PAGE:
SummerWorks Picks 2015: Part 1

10 Aug

The 2015 edition of the SummerWorks Performance Festival is in full swing! Here are capsule reviews of the works that have stood out for us thus far:

the marquise of O-

marquiseDirector Ted Witzel and his company, Red Light District, are back with an adventurous and high-concept take on the early 19th century story by Heinrich von Kleist about a noblewoman who goes to extraordinarily public lengths to find the man responsible for her seemingly immaculate conception.

Co-written by Witzel and Lauren Gillis, the marquise of O- is a delightful blend of parody, anachronisms, and fourth-wall breaking that all serve to both skewer and enliven the stuffy conventions of the story’s era – but a superficial play, this is not. By the time the curtain falls, the audience is confronted by the realization of just how profound the Marquise’s story really is, and one almost feels guilty for having enjoyed the first half so heartily. Mix in some tidbits of Kantian philosophy, and you have a truly thought-provoking and layered piece of theatre.

Production-wise, Witzel’s trademark style and vision is on full display with a dynamic and mobile two-sided set that would make Brecht proud, a multitude of projection elements that support the artifice of the work and offer some wry meta-commentary, and some surreal touches that include the memorable use of a horse mask.

The cast (Kaleb Alexander, Rong Fu, Tyler Hagemann, Richard Partington, G. Kyle Shields, and Eve Wylden) make for a top notch ensemble, and while each performer is given time to shine, Shields is guilty of some serious scene stealing as the Marquise’s foppish and laissez-faire brother.

One side note: This play contains discussions of sexual assault. We mention this here because it was not listed as part of the audience warning at the venue, nor is there any audience warning information listed on the SummerWorks website.


This is Where We Live

This is Where We LiveVancouver-born, Australian playwright Vivienne Walshe’s This is Where We Live is a remarkable piece of writing; gritty yet poetic, lean yet lush. Walshe expertly paints small town Australia as an emotionally desolate locale; one thinks of the outback as an unforgiving landscape full of venomous creatures – an idea Walshe seems to draw on as metaphorical inspiration for this loose adaptation of the myth of Orpheus and Eurydice.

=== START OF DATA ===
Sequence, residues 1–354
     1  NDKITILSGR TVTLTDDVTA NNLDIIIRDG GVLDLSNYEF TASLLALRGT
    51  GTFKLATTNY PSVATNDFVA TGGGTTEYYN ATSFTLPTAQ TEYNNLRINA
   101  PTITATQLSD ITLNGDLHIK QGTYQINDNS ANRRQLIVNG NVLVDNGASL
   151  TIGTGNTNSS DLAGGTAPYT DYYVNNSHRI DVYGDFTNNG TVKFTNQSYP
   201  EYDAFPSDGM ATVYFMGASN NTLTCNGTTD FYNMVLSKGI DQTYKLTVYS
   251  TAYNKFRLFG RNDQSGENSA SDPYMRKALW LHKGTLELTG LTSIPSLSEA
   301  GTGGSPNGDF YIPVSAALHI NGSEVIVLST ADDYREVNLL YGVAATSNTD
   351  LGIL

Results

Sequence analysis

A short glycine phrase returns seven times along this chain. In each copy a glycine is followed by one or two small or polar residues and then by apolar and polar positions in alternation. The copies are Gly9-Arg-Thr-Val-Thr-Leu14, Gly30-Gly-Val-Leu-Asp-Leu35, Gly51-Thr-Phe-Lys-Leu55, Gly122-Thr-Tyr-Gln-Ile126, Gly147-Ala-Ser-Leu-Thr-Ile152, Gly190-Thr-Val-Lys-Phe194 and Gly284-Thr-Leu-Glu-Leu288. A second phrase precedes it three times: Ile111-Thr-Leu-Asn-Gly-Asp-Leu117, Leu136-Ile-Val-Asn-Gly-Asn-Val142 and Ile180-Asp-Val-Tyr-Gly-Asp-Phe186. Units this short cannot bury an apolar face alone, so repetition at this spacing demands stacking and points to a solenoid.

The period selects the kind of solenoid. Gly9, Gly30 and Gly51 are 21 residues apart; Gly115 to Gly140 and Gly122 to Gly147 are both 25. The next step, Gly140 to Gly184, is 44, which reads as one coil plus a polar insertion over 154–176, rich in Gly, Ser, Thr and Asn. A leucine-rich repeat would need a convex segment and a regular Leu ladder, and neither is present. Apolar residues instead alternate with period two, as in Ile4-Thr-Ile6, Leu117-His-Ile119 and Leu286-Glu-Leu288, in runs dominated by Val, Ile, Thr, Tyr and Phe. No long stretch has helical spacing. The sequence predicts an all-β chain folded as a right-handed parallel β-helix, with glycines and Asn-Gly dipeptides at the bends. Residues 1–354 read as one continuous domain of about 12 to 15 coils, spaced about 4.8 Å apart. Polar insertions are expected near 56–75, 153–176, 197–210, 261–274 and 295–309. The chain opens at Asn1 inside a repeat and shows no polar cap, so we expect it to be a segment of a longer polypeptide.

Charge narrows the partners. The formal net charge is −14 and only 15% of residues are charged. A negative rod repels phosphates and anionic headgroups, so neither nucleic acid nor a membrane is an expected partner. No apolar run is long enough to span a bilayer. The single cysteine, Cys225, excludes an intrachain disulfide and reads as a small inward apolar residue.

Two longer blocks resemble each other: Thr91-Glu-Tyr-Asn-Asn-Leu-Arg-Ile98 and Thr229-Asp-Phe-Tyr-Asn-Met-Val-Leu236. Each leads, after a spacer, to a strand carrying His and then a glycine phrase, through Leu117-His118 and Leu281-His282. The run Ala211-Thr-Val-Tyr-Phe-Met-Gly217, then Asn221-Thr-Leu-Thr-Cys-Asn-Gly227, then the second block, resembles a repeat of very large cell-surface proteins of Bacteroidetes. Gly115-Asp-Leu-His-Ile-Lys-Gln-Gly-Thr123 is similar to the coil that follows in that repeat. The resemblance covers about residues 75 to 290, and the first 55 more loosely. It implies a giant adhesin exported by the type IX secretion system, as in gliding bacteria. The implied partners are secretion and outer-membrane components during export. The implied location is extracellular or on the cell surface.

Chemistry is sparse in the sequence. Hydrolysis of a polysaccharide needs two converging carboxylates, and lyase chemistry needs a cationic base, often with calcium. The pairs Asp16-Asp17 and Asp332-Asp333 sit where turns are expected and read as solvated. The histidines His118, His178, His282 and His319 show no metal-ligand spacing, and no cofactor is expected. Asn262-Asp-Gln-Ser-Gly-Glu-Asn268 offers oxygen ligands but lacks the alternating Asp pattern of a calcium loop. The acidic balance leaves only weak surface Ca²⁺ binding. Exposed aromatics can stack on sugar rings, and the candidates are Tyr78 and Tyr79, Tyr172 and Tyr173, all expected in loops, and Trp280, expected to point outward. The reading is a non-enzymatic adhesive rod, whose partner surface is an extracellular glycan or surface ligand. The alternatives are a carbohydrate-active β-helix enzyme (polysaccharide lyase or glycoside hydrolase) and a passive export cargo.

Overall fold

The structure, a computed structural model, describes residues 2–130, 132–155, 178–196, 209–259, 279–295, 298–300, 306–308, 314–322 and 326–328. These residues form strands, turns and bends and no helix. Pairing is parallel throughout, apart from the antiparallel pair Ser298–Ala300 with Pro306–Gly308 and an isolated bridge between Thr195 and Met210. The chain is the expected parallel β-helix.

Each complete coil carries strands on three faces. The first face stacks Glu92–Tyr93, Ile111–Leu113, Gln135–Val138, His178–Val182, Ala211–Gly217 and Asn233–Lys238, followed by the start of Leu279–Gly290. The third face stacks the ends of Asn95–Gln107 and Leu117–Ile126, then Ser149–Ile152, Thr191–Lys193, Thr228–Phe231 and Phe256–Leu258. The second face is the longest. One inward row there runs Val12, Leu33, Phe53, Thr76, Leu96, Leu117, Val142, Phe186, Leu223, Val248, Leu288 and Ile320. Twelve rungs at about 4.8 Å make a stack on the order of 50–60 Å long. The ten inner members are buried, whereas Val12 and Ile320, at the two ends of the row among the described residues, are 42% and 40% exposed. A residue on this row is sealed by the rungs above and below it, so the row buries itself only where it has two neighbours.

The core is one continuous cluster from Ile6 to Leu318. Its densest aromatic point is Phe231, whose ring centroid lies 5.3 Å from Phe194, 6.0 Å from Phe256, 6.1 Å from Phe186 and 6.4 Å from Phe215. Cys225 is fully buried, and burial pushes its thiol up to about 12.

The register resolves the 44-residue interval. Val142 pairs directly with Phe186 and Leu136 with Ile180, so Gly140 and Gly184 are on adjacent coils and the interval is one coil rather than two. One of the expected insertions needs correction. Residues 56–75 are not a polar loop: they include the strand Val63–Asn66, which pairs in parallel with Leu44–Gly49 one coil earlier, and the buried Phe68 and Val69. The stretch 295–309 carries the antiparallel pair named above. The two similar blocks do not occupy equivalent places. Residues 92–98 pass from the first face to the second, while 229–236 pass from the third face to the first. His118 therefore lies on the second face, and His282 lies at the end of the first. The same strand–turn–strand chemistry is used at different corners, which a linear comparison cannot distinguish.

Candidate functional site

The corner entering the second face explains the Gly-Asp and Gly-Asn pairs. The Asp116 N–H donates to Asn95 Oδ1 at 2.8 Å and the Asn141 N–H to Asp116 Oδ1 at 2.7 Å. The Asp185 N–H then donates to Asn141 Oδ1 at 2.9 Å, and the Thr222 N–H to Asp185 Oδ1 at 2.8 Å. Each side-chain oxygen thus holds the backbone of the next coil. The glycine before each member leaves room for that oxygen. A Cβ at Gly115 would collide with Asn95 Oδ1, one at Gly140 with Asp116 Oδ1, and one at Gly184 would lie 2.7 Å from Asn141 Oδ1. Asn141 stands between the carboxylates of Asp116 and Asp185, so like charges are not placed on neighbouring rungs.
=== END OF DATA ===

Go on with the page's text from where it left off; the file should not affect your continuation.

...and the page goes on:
At the centre of her story is Chloe (Jenna Harris), a prickly teen who compensates for her learning disability and permanent limp with a tough-as-nails exterior and “fuck the world” attitude. It is Chris (Tim Welham), the quiet odd-ball of Chloe’s English class (and son of her unforgiving teacher), that manages to crack open her protective shell and ultimately forges an intimate bond with her. Together, the idea of escaping their mundane realities doesn’t seem so farfetched after all. It’s not a complex narrative, but one that touches on a great number of human truths.

Harris and Welham are both a treat to watch; Harris’ drawling Aussie accent and cynical demeanour is a perfect counterpoint to Welham’s comedic and youthful performance. Director Taryn Jorgenson and set designer Jenna McCutchen make effective use of the sometimes stifling Passe Muraille Backspace; the confined space adds an element of emotional claustrophobia while the use of ladders as a visual motif supports the theme of ascension and escape.



SeamsIn a festival that celebrates the blending and bending of art forms, Polly Phokeev’s Seams may be one of the more conventional theatrical presentations in this year’s line-up, but that makes it no less of a memorable or effective work.

Set in a theatre’s costume shop in 1939 Russia, Seams is a tender and nuanced ensemble piece about the women – and man – who spend their days tailoring costumes and dresses and dreaming of better lives, while the world outside their workshop succumbs to violence and political strife.

Laced with nostalgia and bittersweet moments, Phokeev’s story captures the humanity and resilience of the Russian people, as well the eventual paranoia and distrust fostered by the communist regime that permeates and corrupts their lives.

The youthful cast (Krystina Bojanowski, Clare Coulter, Sochi Fried, Jesse LaVercombe, Caitlin Robson, Elizabeth Stuart-Morris, and Ewa Wolniczek), under the artful direction of Mikaela Davies, deliver charming and heartfelt performances. A rich and vintage design from Shannon Lea Doyle makes the world of the piece that much more tangible.

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